Loopholes in Clery Act Reporting: How ASU can skew its crime statistics!

Lengthy but good read from publicintergrity.org, in regard to campus police department’s abilities to skew sexual assault data through Clery Act loopholes.

The Clery Act requires some 7,500 colleges and universities — nearly 4,000 of which are four-year public and private institutions — to disclose statistics about crime on or near their campuses in annual security reports.

Many provisions have evolved since the law passed 19 years ago, but what hasn’t changed is Clery’s requirement that schools poll a wide range of “campus security authorities” when gathering data. That designation includes a broad array of campus programs, departments, and centers, such as student health centers, women’s centers, and even counseling centers. The designation also applies to officials who supervise students — deans, coaches, housing directors, judicial affairs officers, to name a few.

In theory, those stipulations should make for comprehensive crime reporting.

But the data gathering isn’t always meticulous. In fact, a 2002 study funded by the U.S. Department of Justice found that “only 36.5 percent of schools reported crime statistics in a manner that was fully consistent with the Clery Act.” A Center examination of 10 years worth of complaints filed against institutions under Clery shows that the most common problem is that schools are not properly collecting data. Some submit only reports from law-enforcement officials. In August 2004, Yale University became the subject of a complaint after it was discovered to be doing just that. Five years later, the U.S. Department of Education has yet to finish its review; a department spokesperson declined to comment on the pending inquiry.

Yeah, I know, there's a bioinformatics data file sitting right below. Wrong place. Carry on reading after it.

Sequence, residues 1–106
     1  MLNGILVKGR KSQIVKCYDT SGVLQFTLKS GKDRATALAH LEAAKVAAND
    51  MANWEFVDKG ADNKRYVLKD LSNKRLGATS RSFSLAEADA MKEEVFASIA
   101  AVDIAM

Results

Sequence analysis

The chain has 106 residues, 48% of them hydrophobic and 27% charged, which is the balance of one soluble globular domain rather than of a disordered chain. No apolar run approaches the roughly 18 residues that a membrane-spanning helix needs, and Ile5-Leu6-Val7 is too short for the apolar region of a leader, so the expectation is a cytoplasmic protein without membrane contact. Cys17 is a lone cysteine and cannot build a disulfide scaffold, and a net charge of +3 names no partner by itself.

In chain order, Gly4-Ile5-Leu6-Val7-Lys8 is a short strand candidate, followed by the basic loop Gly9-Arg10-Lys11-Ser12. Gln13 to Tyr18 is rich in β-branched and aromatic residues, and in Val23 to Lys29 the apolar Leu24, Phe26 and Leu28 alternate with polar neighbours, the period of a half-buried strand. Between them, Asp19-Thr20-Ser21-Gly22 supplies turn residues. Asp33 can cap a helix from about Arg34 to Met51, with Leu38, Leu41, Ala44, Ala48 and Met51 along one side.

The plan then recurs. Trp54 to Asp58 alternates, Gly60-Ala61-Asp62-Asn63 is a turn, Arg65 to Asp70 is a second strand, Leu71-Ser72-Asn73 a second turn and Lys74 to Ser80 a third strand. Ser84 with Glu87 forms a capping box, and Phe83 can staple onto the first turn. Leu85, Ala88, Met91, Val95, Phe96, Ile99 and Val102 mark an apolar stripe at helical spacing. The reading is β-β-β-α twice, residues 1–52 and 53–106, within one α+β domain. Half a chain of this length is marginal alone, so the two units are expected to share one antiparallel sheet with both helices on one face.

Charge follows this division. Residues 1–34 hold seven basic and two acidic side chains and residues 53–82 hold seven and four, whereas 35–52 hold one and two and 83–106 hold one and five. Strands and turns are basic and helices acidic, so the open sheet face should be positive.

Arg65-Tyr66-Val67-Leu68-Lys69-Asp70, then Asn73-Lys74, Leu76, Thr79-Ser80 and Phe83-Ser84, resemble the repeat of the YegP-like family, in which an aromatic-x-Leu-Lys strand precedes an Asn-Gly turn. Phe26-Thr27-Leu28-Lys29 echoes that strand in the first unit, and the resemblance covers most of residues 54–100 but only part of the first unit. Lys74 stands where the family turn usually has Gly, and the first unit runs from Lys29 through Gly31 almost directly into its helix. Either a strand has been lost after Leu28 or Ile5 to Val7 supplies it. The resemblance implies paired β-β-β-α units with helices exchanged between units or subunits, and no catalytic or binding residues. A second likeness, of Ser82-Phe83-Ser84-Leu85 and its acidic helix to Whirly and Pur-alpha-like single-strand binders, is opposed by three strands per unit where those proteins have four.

Other schools submit inaccurate sexual assault statistics — in some cases inadvertently; in others cases, intentionally. Nearly half of the 25 Clery complaint investigations conducted by the Education Department over the past decade determined that schools were omitting sexual offenses collected by some sources or failing to report them at all. In October 2007, the department fined LaSalle University, in Philadelphia, $110,000 for not reporting 28 crimes, including a small number of sexual assaults.

There’s also been misclassification of sexual assaults. Schools can wrongly categorize reports of acquaintance rape or fondling as “non-forcible” sexual offenses — a definition that should only apply to incest and statutory rape. Five of the 25 Clery audits found schools were miscoding forcible rapes as non-forcible instead. In June 2008, Eastern Michigan University agreed to pay the department $350,000 — the largest Clery fine ever — for a host of violations, including miscoding rapes.

Another limitation of the Clery Act: it counts only those crimes occurring on or near campuses, and in school-affiliated buildings like fraternity houses. The initial thinking behind this narrow geographic focus was that off-campus crimes would inevitably be documented by local police, experts say. But that means that Clery statistics don’t include such settings as off-campus apartments, where most campus-related rapes are believed to take place. Last year, Jacqui Pequignot, who heads the victim advocate program at Florida State, recorded just nine sexual offenses on or near campus, as compared to 48 off campus. Pequignot, who estimates that 36,000 of FSU’s 42,000 students live in apartments more than a block from the university, notes that critics often suspect misreporting whenever they don’t see huge numbers of campus sexual assaults. “But sometimes,” she says, “it’s really just about the fact that the numbers are greater off campus.”